‘Suckers’ feed on alternative health patients – literally
The NZ Herald (10-14 January) must have been having trouble filling its pages during the silly season, looking at its recent series on alternative therapies.
Each day for the best part of a week, the paper sent its reporters out to try a range of “alternative relaxation and remedies”.
Reporter Andrew Koubaridis must have drawn the short straw – while others in the series got to try out Japanese and Korean variants of spa therapies, he had two leeches sucking blood from his arm for more than an hour.
“I couldn’t take my eyes off the little suckers,” he said.
Mehdi Jaffari, who runs the Life Clinic Hirudotherapy centre on Auckland’s North Shore, says he learned the practice from his Iranian father and that the art had been passed down for generations in his family. Leeches can treat problems ranging from arthritis, diabetes, endometriosis, hepatitis and high blood pressure to bronchitis, he claims. They can even help reduce wrinkles, apparently.
“Their saliva has enzymes that helps break blood clots, and widens blood vessels to stop bacteria growth and prevent inflammation. It also helps blood circulation and flow,” Jaffari says.
The article refers to the UMR Research survey on the beliefs of New Zealanders (see Editorial, p 2), which found a majority believed in alternative remedies. Nearly three out of four believed arnica reduces bruising and slightly over half believed that homeopathic remedies are scientifically proven.
In the same series, Lincoln Tan and Amelia Wade checked out Ayurveda, a traditional Indian system of medicine.
“The human body is made up of five basic elements,” says Ayurveda specialist Priya Punjabi, “and whenever there is any disorder, these elements become imbalanced and they affect bodily channels and tissues, creating illnesses in the system.”
The elements are earth, water, fire, air and sky. This is obviously a huge advance on the traditional western view that there are only four elements.
Paranormal investigators open for business
A paranormal investigation team has been given front page coverage by the Waikato Times (10 December).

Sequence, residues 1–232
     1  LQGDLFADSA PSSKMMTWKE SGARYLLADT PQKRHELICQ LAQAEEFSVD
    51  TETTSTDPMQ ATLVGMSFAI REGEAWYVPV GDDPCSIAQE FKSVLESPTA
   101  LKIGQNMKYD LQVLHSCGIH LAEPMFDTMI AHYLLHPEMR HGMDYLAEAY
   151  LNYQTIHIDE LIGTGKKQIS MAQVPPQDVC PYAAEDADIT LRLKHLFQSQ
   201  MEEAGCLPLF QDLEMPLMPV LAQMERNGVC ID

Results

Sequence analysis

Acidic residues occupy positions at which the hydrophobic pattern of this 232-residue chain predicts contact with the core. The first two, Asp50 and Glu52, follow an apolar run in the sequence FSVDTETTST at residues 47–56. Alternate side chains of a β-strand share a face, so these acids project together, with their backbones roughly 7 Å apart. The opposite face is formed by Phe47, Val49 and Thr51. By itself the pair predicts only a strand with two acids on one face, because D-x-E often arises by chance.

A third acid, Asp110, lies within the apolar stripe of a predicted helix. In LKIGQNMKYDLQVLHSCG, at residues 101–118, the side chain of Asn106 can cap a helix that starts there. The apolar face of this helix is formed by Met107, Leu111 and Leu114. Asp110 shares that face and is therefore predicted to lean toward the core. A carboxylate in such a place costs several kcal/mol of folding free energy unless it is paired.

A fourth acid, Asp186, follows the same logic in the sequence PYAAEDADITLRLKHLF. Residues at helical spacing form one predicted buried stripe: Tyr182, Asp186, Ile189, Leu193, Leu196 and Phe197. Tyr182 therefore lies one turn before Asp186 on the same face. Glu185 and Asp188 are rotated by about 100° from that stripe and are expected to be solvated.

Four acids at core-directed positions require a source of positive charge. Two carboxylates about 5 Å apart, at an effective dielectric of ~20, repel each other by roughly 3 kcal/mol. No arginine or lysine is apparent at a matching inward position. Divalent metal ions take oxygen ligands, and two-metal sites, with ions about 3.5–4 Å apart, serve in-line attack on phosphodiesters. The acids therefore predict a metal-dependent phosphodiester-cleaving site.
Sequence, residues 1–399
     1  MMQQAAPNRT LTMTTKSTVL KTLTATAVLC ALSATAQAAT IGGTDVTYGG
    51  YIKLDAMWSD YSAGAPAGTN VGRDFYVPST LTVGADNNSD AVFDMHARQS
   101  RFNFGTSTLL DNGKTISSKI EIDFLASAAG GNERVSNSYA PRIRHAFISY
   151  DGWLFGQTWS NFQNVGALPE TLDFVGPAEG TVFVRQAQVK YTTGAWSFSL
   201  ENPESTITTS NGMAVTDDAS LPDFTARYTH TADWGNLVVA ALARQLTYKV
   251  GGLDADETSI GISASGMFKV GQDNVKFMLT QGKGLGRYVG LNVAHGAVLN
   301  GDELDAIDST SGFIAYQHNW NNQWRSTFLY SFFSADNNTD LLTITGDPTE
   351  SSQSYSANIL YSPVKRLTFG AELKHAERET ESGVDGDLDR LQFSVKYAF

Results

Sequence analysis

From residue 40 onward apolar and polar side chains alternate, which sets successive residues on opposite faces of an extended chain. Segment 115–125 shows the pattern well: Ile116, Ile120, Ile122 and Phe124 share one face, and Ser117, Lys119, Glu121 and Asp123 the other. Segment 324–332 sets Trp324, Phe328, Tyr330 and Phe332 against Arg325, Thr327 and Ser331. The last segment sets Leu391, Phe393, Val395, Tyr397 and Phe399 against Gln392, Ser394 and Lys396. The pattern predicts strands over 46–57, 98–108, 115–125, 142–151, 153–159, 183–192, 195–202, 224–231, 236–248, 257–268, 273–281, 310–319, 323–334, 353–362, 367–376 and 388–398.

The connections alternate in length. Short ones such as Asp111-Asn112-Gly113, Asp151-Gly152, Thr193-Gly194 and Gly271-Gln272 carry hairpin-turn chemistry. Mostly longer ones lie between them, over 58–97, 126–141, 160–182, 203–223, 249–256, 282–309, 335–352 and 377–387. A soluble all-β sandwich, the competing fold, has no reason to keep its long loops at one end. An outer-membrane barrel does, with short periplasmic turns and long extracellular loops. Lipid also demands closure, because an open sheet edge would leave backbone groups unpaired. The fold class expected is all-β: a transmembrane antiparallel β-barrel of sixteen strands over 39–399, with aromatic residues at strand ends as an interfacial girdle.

The group, who call themselves the Quantum Foundation (what is it with that word quantum?) say they’re not ghost hunters, but are called in to “paranormal hot spots” where they try to put clients’ minds at rest. Nor are they ghostbusters. “We don’t get rid of whatever’s there.We can call in people to do that,” said co- founder Tracey Royce.
Royce and fellow investigator Lisa Austen said they took a scientific, research- based approach to the supernatural, and sought natural explanations for alleged hauntings.
They use equipment such as cameras, digital recorders and electromagnetic field readers and spend up to eight weeks reviewing content. They have carried out 10 investigations in 16 months, and do not charge for their services.
Most of what they collect is mundane, and they seemed to recognise that ‘orbs’ are artifacts caused by dust particles reflecting light through a camera lens (NZ Skeptic 94(. But both say they have had experiences they can’t explain, including a sighting of a “full-blown apparition” of a ghostly figure, that drive them on.
Recently they investigated Diggers Bar in central Hamilton, where they captured “electronic voice phenomena”, including laughing, a voice saying “it’s coming”, and one instance of aggressive swearing. Someone swearing around a bar late at night in central Hamilton? How could there be a natural explanation for that?
David Riddell (who’s he?v) of the NZ Skeptics reportedly said gullible people were often suckered in by folks with fancy equipment, though I have it on good authority he said no such thing. But he did suggest that we are awash with electromagnetic fields, and a recorder is likely to pick up all sorts of things if left on overnight. Even if something couldn’t be explained it didn’t mean it was from another world. “A lot of people, when faced with something they can’t explain, automatically say [it] must be something supernatural. But sometimes it is okay to say you simply don’t know what it is.”